This is the second part of ASN coverage of Day 2 of the recent SOI Workshop in Tokyo, which was dedicated to the “Convergence of IoT, Automotive through Connectivity”. Many of the presentations are now posted and freely available – click here to see the full list.
Peter Rabbeni, GlobalFoundries’ Sr. Director of 5G BizDev and Product Line Marketing focused on mmWave and why/how 5G. In his talk, Delivering on the Promise of 5G: Semiconductor Solutions for the Next Wave of Data, he pointed out that there’s not one solution for all use cases – but there is an SOI solution for all the opportunities.
You need mmWave for latency, simultaneous connectivity, energy-efficiency and mobility, he explained. mmWave addresses the trade-off between distance and data rates. In a phase array, the beam is steered, but because of atmospheric absorption, you have to do multiple beams at high frequencies.
RF-SOI technology is already found in virtually every smartphone in the world. Now, he sees two main benefits in RF-SOI (a partially depleted technology that uses “trap-rich” substrates, btw) in the move to 5G and mmWave. One is device stacking, which you can do in SOI to overcome the Johnson Limit (a tradeoff between breakdown voltage and frequency). The other comes from the benefits inherent in the substrate: high-resistivity, high-Q and isolation. It means you can have smaller arrays for each element, and fewer chips per array. That’s key: you need those smaller arrays for handsets and customer premises equipment.
Different designers are taking different approaches to RF, he notes. There are those doing FEM-centric designs, which integrate from the antenna back toward the transceiver. And then there are those that are doing integration-centric designs, which target integration from the transceiver/BB toward the antenna. The first approach is being driven by those customers with unique IP and presence in the front-end module space. The other is being driven by folks with IP and presence in the SOC space. Both will exist in some form, he contends. 45RFSOI is well aligned with the first case and focused primarily with FEM leadership performance and integration. 22FDX, on the other hand, is very well suited for transceiver/baseband ADC/DAC integration and can integrate the FEM functionality as well. Pathfinding on the FEM integration component is on-going for 22FDX.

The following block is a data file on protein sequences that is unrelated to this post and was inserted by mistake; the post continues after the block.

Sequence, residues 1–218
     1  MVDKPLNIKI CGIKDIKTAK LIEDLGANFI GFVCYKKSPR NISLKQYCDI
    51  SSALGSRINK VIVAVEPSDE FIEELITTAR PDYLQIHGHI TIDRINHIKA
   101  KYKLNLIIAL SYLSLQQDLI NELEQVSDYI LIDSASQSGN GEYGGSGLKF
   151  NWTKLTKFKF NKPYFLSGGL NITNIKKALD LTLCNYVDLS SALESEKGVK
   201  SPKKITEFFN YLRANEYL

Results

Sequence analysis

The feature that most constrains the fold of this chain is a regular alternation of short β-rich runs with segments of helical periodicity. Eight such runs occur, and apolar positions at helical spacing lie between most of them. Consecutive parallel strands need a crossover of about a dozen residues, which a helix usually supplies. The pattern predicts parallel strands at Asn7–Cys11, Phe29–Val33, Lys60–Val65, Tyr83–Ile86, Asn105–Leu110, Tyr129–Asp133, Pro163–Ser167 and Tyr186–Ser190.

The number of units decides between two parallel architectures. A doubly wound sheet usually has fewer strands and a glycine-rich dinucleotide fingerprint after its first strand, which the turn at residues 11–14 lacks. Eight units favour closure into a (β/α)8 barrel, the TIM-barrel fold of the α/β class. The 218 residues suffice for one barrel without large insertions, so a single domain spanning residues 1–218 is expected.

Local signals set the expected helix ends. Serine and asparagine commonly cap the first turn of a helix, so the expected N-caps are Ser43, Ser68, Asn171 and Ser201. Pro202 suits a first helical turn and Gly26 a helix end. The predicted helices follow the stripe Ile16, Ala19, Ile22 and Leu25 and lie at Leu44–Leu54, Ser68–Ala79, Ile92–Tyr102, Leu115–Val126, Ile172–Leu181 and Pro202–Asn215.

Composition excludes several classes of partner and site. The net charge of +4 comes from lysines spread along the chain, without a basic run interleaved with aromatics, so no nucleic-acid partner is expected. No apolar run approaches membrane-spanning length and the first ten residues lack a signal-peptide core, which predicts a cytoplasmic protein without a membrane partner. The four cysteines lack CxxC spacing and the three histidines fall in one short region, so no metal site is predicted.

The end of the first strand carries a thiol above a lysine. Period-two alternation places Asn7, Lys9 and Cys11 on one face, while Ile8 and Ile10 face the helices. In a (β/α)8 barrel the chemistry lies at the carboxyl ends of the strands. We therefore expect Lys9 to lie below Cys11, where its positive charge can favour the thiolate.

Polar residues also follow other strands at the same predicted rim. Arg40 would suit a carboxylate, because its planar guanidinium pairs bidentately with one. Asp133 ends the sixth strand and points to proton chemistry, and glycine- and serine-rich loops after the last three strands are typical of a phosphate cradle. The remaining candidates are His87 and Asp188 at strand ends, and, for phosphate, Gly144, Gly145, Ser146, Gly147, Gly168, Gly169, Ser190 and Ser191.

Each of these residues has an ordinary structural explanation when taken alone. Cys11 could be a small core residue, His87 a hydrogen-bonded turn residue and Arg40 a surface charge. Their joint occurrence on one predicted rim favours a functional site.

SOI is “…the perfect solution to our needs”, said Steven Yeung, Design Manager with MIPS/Imagination Technologies in his talk, MIPS Leading Heterogenous Compute in Automotive & IP. The cost of failure is increasing he noted, citing the ISO standard 26262 for functional safety in road vehicles, and SOI “helps a lot”.
As noted in the presentation title, research powerhouse Leti sees that the Future of the Automotive Industry is Paved With SOI. Vincent Roger of Leti’s Corporate Business Development made convincing arguments as to why FD-SOI is the right solution for automotive:
you need advanced digital circuitry for all computational tasks in the automotive environment
the 3-generation node gap between automotive and consumer is closing
FD-SOI is more power efficient than planar bulk (both at 28 and 22nm) or FinFET (16nm)
it’s simpler in terms of design and IP portability than FinFET
it’s a proven solution, with better reliability and lower design costs
it addresses all performance levels and communications
it simplifies integration of control electronics for distributed sensors
Leti is actively working on getting RF capabilities in FD-SOI adopted more quickly. For example, they are developing RF models for their UTSOI-2 modeling suite for FDSOI, including back bias effects. And they’re also developing innovative basic design blocks that prove the technology validity and add new functionality.
He also sees an even bigger role for RF-SOI, the technology of choice for RF Front End Modules for connected vehicles and 5G applications. With Soitec, they’re working to keep improving existing substrates and introduce new concepts.
SOI wafer suppliers (Soitec, SEH and Simgui) are expanding capacity, said Soitec EVP Thomas Pilisczcuk. His talk, The Role of Substrates in Accelerating Mass Adoption of SOI Technologies, reviewed the various SOI substrates and partners across FD-SOI, RF-SOI, photonics, power, image sensors and more.
Soitec is launching a program called FIRST (for First Integration Ramp of SOI Toolbox) to help customers reach competitive yields fast. They are also help customers facilitate SOI integration into design and manufacturing.
There are still more talks that are now posted on the SOI Consortium website. IHS/Markit made a very interesting high-level presentation on LIDARs & Sensor Fusion ECUs Advancing ADAS Architectures Toward Automated Driving, which called for chipmakers to integrate more features. Nokia Future X Network for 5G & IoT looked at infrastructure (they use their own chipsets). ST looked at smart cities in Sensor-to-Cloud Connectivity for IoT.
Equipment makers are also eager participants in the FD-SOI ecosystem. Screen’s presentation was entitled Full Participation Within the SOI Consortium. The Applied Materials talk, Enabling SOI and IoT: An Equipment and Materials Engineering Perspective, covered how they’re working with their customers and their customers’ customers to understand the trends and enable the device roadmap.
Mark your calendars: the next workshop sponsored by the SOI Consortium will be in Shanghai this September 26th and 27th (one day is all about FD-SOI, the other about RF-SOI). You can now register or ask for an invitation: see Events on the SOI Consortium website. Last year’s Shanghai event was really dynamic and absolutely packed, so you’ll want to make sure you register early. (But if you can’t make it, you can of course read about later it in ASN!)